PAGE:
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Comment: What do you get the agency that has everything? (Score 1) 26

by Dr. Spork (#48672337) Attached to: DARPA Wants Help Building a Drone That Flies Like a Hawk
Maybe it's the season, but doesn't this sound like like a bunch of overindulged, adult children in uniforms, sitting around a table trying to figure out what toys they don't yet have, which might be fun to play with? Like, they're so bored with quadcopters now, they want a fucking hawk. Because fuck yeah, hawk. Taxpayers should buy them a mechanical hawk.

Comment: Re:OK Google? (Score 1) 35

by squiggleslash (#48651785) Attached to: Chromebook Gets "OK Google" and Intel's Easy Migration App

Basically the idea is you walk up to your Chromebook, and without touching anything you say "OK Google what are my appointments today?"

The Chromebook will then say "About 15,700,000 results (0.39 seconds) "Ok Google" and voice search - Search Help - Google Help support.google.com â ... â How to use the app Google For example, say "Ok Google" do I need an umbrella tomorrow" to see if ... Note: You need to have Google Now turned on for some of these examples to ... Create a Google Calendar event: "Create a calendar event for dinner in San Francisco, Saturday at 7 PM." See your upcoming bills: "My bills" or "My Comcast bills 2013. Google now https://www.google.com/landing... Google Google Now brings you the information you want, when you need it. Ok Google now, what's my next appointment no longer working ... forums.androidcentral.com â Motorola Android Phones â Moto X (2013) Aug 26, 2014 - 9 posts - âZ3 authors Anyone else having trouble with "Okay Google Now, what's my next appointment?" It stopped working for me about a week ago. It was one of ... Google Now - Show me appointments for this week and ... 25 posts Oct 13, 2013 Assist - Meetings not working? - Android Forums at ... 21 posts Aug 21, 2013 More results from forums.androidcentral.com How to get the best out of Google Now - Digital Trends www.digitaltrends.com â Mobile Jul 28, 2014 - If you'd like to know how to properly set up Google Now and learn about ... If you have a Nexus 5 or you install the Google Now Launcher then you can simply say âoeOk Googleâ on your home ... When is my next appointment? [Q] Why is Google Now not telling me "w⦠| Samsung Galaxy S III ... forum.xda-developers.com/.../google-telling-whats-appointment-t18880... Sep 15, 2012 - 10 posts - âZ7 authors I have been trying to get Google Now to tell me what my next appointment is but all it ever seems to do is web search and not actually look at ... 6 Tips For Getting Started With Google Now - Gizmodo gizmodo.com/6-tips-for-getting-started-with-google-now-1634... Gizmodo Sep 20, 2014 - Here are seven simple steps you can take to turn Google Now into your personal ... to remind you that you're about to be late for an appointment. ... Voice allows you to turn your tablet into a hands-free device: with OK Google Detection, you ... Commands like "Show me all of my photos from Kalamazoo" or ... The Ultimate Guide to Using Google Now as Your Personal ... nexus5.wonderhowto.com/.../ultimate-guide-using-google-now-as-your-... Dec 6, 2013 - Google Now is more expansive and feature rich than ever before, and it's built ... Next Appointment - Info for nearing Google Calender Events. ..... off my HTC One, the first thing I do is unlock my device and say, "OK Google". Google Now tip: say "Show me my calendar" : Android - Reddit www.reddit.com/r/.../google_now_tip_say_show_me_my_calendar... reddit Nov 25, 2013 - I got a card displaying a lot of my upcoming events and it read off the date, time, ... "ok google, show me a list of everything i can tell you to do.". Google Now nearly on your computer with Google's voice ... https://gigaom.com/.../google-...... Nov 27, 2013 - In Android 4.4, you can speak the âoeOK Googleâ hotword and perform a ... I was also able to get Google to recite my next scheduled appointment, ... Why it's time for Google to fix Google Now â" Tech News ... https://gigaom.com/2014/03/......... Mar 29, 2014 - (I told Google Now about my actual place of work many moons ago, .... Thus, when I book an appointment outside of work, I would expect Google Now to .... constant false positives GN gives when it thinks ive said âoeok google.â.:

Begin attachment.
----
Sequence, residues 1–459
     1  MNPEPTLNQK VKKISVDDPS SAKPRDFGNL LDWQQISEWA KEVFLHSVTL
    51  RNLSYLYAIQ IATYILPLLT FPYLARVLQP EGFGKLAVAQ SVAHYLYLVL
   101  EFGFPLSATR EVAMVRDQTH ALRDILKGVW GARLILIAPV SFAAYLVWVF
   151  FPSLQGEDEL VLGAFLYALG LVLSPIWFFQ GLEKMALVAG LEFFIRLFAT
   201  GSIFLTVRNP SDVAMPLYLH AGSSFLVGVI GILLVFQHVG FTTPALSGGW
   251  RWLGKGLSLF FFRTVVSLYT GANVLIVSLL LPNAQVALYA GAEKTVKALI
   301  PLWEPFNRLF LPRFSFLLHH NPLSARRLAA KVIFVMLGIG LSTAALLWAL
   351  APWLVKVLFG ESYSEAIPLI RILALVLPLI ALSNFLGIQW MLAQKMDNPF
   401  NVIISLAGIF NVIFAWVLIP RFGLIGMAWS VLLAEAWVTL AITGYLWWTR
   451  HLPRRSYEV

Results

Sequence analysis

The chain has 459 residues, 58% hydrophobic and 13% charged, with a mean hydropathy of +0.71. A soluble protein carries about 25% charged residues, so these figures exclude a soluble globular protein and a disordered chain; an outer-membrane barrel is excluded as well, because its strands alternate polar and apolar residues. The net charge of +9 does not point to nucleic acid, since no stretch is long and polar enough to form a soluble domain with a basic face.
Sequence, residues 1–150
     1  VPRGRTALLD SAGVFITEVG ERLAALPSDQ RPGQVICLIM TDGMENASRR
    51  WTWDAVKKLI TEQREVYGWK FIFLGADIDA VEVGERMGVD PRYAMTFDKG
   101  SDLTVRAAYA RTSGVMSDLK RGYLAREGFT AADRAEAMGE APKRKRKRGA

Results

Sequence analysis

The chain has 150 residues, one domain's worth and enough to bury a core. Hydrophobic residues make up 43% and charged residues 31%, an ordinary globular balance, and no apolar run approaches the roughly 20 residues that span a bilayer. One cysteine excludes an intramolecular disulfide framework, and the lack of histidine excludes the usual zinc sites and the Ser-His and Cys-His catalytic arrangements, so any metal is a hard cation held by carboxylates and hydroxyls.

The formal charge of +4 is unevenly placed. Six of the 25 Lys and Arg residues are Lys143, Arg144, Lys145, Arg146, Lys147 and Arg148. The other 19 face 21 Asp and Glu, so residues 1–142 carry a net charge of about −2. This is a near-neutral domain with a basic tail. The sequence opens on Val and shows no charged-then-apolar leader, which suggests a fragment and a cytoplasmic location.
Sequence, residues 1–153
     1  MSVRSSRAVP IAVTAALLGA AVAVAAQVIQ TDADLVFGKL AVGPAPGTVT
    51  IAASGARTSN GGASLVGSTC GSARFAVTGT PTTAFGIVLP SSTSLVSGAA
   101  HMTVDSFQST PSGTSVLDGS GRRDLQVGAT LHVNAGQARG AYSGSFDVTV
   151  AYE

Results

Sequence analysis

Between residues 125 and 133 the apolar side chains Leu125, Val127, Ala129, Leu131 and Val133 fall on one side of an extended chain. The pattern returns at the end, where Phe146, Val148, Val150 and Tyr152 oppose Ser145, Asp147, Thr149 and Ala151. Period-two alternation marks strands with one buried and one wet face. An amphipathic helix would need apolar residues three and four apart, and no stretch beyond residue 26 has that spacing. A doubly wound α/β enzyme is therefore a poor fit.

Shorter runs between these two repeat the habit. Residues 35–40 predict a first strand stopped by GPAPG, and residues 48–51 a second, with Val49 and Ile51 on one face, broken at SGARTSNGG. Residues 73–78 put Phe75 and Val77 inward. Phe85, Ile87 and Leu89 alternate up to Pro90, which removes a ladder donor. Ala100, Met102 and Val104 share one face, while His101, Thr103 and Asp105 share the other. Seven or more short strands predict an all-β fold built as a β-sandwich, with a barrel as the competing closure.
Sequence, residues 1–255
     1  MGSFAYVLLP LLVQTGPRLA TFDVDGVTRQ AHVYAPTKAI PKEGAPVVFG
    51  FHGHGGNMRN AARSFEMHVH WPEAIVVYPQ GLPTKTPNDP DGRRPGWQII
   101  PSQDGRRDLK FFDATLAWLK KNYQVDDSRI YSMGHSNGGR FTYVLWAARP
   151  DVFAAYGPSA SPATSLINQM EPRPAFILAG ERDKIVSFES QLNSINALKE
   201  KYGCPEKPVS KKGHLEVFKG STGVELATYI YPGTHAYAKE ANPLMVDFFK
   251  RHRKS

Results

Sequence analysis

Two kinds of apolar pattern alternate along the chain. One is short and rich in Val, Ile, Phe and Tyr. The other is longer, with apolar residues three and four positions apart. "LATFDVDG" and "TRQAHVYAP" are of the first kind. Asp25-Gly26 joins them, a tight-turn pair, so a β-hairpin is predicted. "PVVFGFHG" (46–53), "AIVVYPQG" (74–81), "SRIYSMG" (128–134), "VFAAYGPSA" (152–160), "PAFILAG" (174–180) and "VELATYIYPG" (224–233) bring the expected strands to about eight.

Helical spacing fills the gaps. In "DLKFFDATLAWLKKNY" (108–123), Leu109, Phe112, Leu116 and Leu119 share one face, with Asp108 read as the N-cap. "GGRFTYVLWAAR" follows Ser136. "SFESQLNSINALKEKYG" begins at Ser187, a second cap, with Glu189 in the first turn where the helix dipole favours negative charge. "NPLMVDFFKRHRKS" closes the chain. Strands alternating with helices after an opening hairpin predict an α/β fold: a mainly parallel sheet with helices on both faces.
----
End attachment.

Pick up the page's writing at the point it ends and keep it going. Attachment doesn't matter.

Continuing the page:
And afer showing you an ad for OK Google it will then let you go to the next page of links.

Comment: Re:false summary is false (Score 2) 35

by squiggleslash (#48651761) Attached to: Chromebook Gets "OK Google" and Intel's Easy Migration App

I've read your reponse three times and it looks like you're responding to an entirely different claim:

Their claim: Chromebooks out-sold iPads.

Your apparent rebuttle: Apple's combined laptops and tablets outsold laptops and tablets running Google platforms in one sector, education, according to an Apple advocacy site.